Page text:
UPDATE Old friend Jed Lewison gets beat up in comments and issues a partial retraction.

DCblogger's picture
Submitted by DCblogger on

is officially a "cognitive infiltrator", but a lot more clueful than Ellie Light.

invisible's picture
Submitted by invisible on

Every time I'm tricked into going there, I get PISSED and shun the blog that took me there---with no WARNING.

I divorced their asses years ago with a GBCW, so I do appreciate a warning. "THE GREAT ORANGE SATAN" is good.

Thanks for warnings because I will not go there of my own volition.

By the way, I guess you guys already know this but Think Progress is one of the "cognitive infiltrators".

That's a huge "No shit", isn't it?

okanogen's picture
Submitted by okanogen on

nt

Submitted by lambert on

In essence, Obama's punishing a ward that might go out of line by cutting back on their garbage collection. Nice idea over at The Confluence.

DCblogger's picture
Submitted by DCblogger on

new labor more like

gqmartinez's picture
Submitted by gqmartinez on

Buh-bye New Deal Democrats, hello Raw Deal Democrats.

I remember Ken Mehlman back around 2005, during the SS privatization attempts, talking about picking off the young people. Funny how a large part of Obama's campaign was generational warfare and how, now that Obama has the blind support* of the younger generation, that "entitlement reform" ends up on the table. Coincidence?

* I should point out that I don't want to make this a blanket statement. I see a lot of people who chose careers away from politics who are becoming disillusioned. Those who stay in the political class are repeating talking points, even going as far as calling Obama's Afghan policy "the far left" and saying they won't vote for progressive Dems if they don't vote for some-bill-any-bill. But since those that chose the political class lifestyle are most likely going to end up the next disaster leaders, its important to see what they are doing.

gqmartinez's picture
Submitted by gqmartinez on

Really, there is nothing about precinct organizing and campaigning that deserves the huge amounts of money that goes into it. (I'd say the same about consulting in general, but that's another story.) I say this as someone who, before the 2008 election was close to joining said political class. When Dems became tyrants, I no longer saw the benefits of the political class as worth the time, money and effort. Also, there was that one blogger complaining about having to live on 75k a year, not to mention the pundits and "journalists" who get a lot of perks.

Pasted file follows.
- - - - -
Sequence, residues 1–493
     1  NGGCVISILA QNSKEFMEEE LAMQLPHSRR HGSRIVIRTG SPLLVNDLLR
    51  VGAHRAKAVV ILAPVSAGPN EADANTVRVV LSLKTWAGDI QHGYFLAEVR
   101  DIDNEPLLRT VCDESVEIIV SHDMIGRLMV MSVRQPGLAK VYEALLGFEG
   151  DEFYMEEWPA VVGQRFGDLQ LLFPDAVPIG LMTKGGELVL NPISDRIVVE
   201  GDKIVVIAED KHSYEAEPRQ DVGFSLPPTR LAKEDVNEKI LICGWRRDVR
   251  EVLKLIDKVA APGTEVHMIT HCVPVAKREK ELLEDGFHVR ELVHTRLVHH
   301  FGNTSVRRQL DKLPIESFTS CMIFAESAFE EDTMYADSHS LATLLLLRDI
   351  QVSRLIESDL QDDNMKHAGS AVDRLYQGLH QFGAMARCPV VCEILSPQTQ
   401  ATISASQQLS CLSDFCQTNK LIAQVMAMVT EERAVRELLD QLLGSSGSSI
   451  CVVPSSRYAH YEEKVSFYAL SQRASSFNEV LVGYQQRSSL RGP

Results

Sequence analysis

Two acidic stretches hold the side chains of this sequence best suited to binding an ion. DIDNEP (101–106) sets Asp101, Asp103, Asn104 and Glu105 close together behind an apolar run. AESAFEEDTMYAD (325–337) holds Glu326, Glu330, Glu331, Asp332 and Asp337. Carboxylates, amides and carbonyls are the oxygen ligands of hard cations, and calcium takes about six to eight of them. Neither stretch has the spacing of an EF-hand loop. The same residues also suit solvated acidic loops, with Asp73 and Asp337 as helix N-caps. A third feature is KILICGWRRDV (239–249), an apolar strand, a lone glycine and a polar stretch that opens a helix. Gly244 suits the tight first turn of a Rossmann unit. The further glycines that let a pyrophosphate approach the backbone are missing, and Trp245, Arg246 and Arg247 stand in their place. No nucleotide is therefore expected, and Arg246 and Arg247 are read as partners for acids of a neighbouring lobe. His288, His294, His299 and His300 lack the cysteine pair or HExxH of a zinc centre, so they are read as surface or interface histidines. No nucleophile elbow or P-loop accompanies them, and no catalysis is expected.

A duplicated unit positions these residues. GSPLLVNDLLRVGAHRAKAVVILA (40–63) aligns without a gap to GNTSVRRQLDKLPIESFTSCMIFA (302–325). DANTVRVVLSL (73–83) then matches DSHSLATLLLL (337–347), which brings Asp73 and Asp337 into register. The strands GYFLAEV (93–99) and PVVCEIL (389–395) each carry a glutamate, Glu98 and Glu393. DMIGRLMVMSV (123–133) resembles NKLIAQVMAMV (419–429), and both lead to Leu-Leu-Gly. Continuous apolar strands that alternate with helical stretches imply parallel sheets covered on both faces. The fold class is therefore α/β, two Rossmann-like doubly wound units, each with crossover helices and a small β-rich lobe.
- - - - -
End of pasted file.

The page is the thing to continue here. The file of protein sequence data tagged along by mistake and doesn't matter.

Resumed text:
Ya know, it can be enticing to go to fancy fundraisers at the homes of millionaires/billionaires. I've been to some fancy shindigs in the past and they are great if you like to get dolled up, drink fancy wine, hobnob with "important" people, and such. Plus, not only do you kiss ass, but others kiss yours as well. It can be a process that perverts good people, and often does.

jumpjet's picture
Submitted by jumpjet on

If Obama wants to cut off what's essentially extended constituent services, what reason does any Democrat in the House or the Senate have to abide by him? They'd be committing political malpractice.

At this point any Democrat who wants to save their skin and look good ought to oppose Obama on this.

BDBlue's picture
Submitted by BDBlue on

If they go along with it, it might help them in the very short-term with swing voters, but the lousy policy means a lousy economy and a depressed based (including unions) and that probably dooms a lot of them in November.

If they refuse to go along, Obama has said he'll veto their spending bills. An action that would be the equivalent of calling the Congress out for his own political gain. And in a year when he's not up for election, but they are. Nice.

It seems pretty clear that they haven't thought this through beyond the next polling cycle. Campaign mode, baby. Useless, IMO, in governing.

Part of me wonders if the problems this causes the House isn't retribution for the Progressive Caucus' refusal to just pass the Senate healthcare bill. Probably not, but it's telling that it's not an implausible theory.

Although given the support Obama got behind the scenes from Reid and Pelosi to win the nomination, there is more than a little justice to him putting their majorities at risk, although it's a shame that folks like Barbara Boxer might have to pay the price (not that I particularly care anymore about any Democrat's electoral chances). And to think, they didn't want Clinton because she was too polarizing.

jumpjet's picture
Submitted by jumpjet on

Why not force the issue and let the government shut down? It would be the reverse of Gingrich's shutdown in 1995, where the blame would fall on the President instead of Congress because the President is more clearly the instigator.

BDBlue's picture
Submitted by BDBlue on

Totally splits and demoralizes your base. The reason it worked in 1995 was that it was a showdown between the two parties.

In any event. neither Congress nor Obama has the stomach for any kind of fight, much less that one. Congress wouldn't even take on Bush, for gawd's sake.